LinkedIn is like the shy guest at the party whom you later discover is the CEO of a major corporation. She may not want to talk to anyone, so if you decide to engage with her, you’ll be doing both of you a great favor.

sunset photo

How to Engage

There are many ways to engage on LinkedIn. Here are four:

  • Give recommendations. Be generous and reach out to people first! Don’t wait to receive and then react. Like other forms of social media, your generosity will be rewarded.
  • Write testimonials (to those you’ve done business with). Say what you liked about the business.
  • Comment on others’ posts. Start a discussion on an article or post and see where it leads, like you would on Facebook or Twitter.
  • Share others’ posts. Once you comment on an article, share it. Don’t forget to tag that person so they’ll realize you’ve shared!
  • Offer introductions. This is my favorite part of social media. Connecting people you know to others you know. Like you’d do in person, you can say something like “Sharon, do you know Ellie? I think you two have a lot in common!” or words to that effect.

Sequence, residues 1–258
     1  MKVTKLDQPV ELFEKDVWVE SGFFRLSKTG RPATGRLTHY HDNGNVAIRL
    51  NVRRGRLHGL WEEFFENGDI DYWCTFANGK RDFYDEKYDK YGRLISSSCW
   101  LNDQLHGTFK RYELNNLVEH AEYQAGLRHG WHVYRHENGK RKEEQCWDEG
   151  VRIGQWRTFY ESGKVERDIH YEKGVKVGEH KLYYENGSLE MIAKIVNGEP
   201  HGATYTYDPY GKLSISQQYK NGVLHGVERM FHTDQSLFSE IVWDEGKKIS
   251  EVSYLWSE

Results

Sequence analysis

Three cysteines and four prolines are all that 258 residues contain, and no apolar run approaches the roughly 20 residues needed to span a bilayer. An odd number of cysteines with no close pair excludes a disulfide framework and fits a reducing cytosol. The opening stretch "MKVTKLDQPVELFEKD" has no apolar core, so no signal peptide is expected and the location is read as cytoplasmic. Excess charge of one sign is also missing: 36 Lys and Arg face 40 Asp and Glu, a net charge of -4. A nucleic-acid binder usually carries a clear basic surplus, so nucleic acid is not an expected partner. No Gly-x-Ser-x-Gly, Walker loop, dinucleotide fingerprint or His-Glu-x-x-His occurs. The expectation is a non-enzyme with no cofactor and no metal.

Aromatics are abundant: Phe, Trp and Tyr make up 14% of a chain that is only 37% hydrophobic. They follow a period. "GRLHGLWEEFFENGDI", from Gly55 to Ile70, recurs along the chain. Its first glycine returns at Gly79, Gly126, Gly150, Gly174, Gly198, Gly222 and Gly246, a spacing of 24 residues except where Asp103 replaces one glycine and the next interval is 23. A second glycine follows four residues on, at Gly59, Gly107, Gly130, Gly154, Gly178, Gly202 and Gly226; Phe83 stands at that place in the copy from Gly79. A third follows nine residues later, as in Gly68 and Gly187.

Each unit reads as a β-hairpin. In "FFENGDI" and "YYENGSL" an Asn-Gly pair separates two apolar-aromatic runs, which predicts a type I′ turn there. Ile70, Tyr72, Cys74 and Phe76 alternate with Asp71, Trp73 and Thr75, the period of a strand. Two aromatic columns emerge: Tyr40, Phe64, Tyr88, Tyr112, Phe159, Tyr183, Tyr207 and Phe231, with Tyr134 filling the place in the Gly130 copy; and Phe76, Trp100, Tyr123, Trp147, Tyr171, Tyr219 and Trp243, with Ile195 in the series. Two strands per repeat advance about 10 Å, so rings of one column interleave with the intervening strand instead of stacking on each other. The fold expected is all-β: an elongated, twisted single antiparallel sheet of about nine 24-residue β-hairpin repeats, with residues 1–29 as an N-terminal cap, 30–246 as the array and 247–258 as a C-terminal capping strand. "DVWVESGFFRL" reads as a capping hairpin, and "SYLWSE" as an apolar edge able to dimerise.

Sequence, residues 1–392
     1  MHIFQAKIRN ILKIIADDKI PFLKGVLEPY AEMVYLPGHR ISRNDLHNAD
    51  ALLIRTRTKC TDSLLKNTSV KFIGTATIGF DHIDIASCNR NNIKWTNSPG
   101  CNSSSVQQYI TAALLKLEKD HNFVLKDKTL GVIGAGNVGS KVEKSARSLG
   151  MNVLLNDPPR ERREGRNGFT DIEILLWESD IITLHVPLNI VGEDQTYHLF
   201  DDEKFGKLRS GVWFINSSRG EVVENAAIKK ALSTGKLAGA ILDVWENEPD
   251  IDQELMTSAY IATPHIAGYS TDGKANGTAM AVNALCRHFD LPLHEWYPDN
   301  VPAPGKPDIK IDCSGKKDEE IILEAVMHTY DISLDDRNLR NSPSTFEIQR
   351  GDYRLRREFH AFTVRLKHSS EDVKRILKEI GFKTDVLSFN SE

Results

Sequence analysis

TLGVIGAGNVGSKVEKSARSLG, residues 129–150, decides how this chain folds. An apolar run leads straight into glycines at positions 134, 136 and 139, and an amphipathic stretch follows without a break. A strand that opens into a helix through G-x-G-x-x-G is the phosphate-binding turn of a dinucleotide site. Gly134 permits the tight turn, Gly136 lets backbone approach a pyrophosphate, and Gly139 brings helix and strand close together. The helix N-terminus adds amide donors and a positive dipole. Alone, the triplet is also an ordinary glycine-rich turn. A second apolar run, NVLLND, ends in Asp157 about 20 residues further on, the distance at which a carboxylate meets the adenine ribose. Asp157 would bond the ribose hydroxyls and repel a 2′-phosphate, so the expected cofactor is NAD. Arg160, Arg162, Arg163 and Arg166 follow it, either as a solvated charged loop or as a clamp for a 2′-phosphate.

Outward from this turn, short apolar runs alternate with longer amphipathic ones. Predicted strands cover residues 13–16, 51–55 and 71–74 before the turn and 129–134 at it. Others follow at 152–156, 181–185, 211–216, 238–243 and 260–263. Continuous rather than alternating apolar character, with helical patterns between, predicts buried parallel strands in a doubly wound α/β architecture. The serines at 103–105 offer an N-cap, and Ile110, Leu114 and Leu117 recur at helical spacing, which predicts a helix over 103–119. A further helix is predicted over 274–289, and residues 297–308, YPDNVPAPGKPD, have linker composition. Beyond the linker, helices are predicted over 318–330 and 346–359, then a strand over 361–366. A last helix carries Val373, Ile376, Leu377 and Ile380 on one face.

Groups

Groups can be a great way to start a conversation since by being in a group you already have something in common with everyone else in that group. So you might be in U.C. Berkeley’s alumni group, where you can ask people where they’re working now, or what project they’re excited about. Or a group for marketers where you can post or answer questions for those in your area.

corporate photo

Company Pages

Company pages are a way to brand your company, share the pain points of your audience, and offer unique ways to fix your potential clients’ problems. Speak directly to your ideal client when you’re on LinkedIn and offer solutions. Social Media Examiner has an excellent article on ways to improve your company page, by the way. I couldn’t say it any better.